"I said, what are some of those ingredients that no matter where you go in Latin America, you can find, that can also translate to interesting ingredient stories that can support the performance of the product? Some of those ingredients are rice, cacao, casaba, and they're all ingredients that no matter where you go in Latin America, you can actually find," she says. "Those ingredients are very powerful not only for hair care but also skin care, and there are even some components of fragrance that actually have those ingredients. We have those gestures and ingredients in our culture. Why not bring it forth in a way that is proud and about celebrating those roots and our culture? And bringing into the world that magnificence of those regimens and moments that were passed on from your mother, grandmother, and so on."
And because Erenzia is rooted in the power of sharing, that's similar to how the business model works, too. Anyone interested in becoming a seller can simply sign up through the website or download the Erenzia app, which provides all the tools for them to have a part- or full-time business.
"This opportunity is not an income-replacement opportunity. It's really a supplemented opportunity to add something to their family economics. It's extremely relevant for this community."
"This opportunity is not an income-replacement opportunity. It's really a supplemented opportunity to add something to their family economics. It's extremely relevant for this community," Ramos says.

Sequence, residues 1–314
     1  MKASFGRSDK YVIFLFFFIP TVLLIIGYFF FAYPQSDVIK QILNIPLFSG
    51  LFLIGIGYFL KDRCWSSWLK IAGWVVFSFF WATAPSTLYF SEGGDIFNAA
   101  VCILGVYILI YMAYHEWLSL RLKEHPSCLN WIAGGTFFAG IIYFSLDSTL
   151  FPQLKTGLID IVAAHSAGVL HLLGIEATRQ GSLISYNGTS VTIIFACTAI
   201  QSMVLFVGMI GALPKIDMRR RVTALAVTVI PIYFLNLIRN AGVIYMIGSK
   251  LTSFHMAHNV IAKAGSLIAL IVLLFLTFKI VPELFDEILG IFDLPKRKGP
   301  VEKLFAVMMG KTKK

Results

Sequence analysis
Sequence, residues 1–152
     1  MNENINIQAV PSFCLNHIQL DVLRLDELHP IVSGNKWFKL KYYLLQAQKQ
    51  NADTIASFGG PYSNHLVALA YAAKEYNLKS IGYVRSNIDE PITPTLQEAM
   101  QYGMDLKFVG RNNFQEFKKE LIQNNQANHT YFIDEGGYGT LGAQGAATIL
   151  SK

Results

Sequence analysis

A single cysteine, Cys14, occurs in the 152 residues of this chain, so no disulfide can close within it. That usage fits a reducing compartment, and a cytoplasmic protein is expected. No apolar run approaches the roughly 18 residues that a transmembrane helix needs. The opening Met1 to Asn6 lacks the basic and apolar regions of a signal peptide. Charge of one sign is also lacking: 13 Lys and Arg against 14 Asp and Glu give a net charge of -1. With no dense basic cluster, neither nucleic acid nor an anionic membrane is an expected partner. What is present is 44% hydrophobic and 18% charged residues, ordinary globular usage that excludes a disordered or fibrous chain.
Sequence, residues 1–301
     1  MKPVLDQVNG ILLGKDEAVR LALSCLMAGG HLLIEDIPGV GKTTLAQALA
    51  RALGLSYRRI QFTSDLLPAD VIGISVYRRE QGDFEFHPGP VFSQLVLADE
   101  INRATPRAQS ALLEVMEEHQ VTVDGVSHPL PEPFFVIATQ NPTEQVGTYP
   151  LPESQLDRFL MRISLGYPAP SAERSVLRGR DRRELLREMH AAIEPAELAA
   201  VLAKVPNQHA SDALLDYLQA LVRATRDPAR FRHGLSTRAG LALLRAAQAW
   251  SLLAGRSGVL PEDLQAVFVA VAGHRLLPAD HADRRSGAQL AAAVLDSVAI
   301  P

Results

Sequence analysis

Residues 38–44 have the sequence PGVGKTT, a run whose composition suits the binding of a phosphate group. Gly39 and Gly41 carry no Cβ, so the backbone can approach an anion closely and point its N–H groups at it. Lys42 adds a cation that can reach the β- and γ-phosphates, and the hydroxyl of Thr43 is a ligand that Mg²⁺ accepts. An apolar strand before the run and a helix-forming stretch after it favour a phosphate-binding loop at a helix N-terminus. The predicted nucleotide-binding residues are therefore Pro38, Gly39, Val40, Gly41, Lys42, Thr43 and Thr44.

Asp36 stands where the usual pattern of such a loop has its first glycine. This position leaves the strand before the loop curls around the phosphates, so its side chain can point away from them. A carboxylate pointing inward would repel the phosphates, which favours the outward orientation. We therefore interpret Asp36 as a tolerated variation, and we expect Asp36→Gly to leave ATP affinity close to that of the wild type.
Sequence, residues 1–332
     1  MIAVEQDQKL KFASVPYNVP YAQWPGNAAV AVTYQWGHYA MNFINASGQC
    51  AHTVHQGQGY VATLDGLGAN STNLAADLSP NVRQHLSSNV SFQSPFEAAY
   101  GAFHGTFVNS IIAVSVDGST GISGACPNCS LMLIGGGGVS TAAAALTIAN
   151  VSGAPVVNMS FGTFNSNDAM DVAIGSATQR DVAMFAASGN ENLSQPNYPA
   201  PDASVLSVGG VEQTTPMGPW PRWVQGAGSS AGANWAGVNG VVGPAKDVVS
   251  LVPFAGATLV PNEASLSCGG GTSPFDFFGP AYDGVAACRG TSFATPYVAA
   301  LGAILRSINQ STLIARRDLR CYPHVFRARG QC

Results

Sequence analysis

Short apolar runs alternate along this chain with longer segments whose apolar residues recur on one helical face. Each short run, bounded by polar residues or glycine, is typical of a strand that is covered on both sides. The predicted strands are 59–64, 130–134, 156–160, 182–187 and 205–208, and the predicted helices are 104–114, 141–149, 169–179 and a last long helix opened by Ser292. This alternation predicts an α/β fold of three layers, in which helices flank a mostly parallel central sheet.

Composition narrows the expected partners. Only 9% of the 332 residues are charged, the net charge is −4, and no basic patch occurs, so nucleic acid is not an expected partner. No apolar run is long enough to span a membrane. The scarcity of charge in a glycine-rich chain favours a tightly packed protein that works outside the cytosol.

"We don't want to go into retail, because we don't want to fund those establishments, we want to fund her. The difference between us is that margin or commission the retailer would receive, we're giving it to her, right to our amiga and right to our community."
As for why they choose to not go into the retail business, Alina explains: "We don't want to go into retail, because we don't want to fund those establishments, we want to fund her. The difference between us is that margin or commission the retailer would receive, we're giving it to her, right to our amiga and right to our community. Right now, our priority and mission is to provide that financial opportunity to her firsthand, and that's the difference between us and going to a big-box retailer."
Lastly, Gonzalez asserts that even though Erenzia is made and inspired by Latinas, it doesn't mean others can't make use of its products. "The strength that we have in this country on all fronts is phenomenal, and sometimes we forget that. It doesn't matter if you're from Mexico, or Colombia, or Venezuela. At the end of the day, the things that make us similar is that warmth," she says. "We bring people into our world, we're not pushing them aside. We have things that are special, we have things that I am proud of, and we're not just here to consume but to also share those things with everyone else outside of our community as well."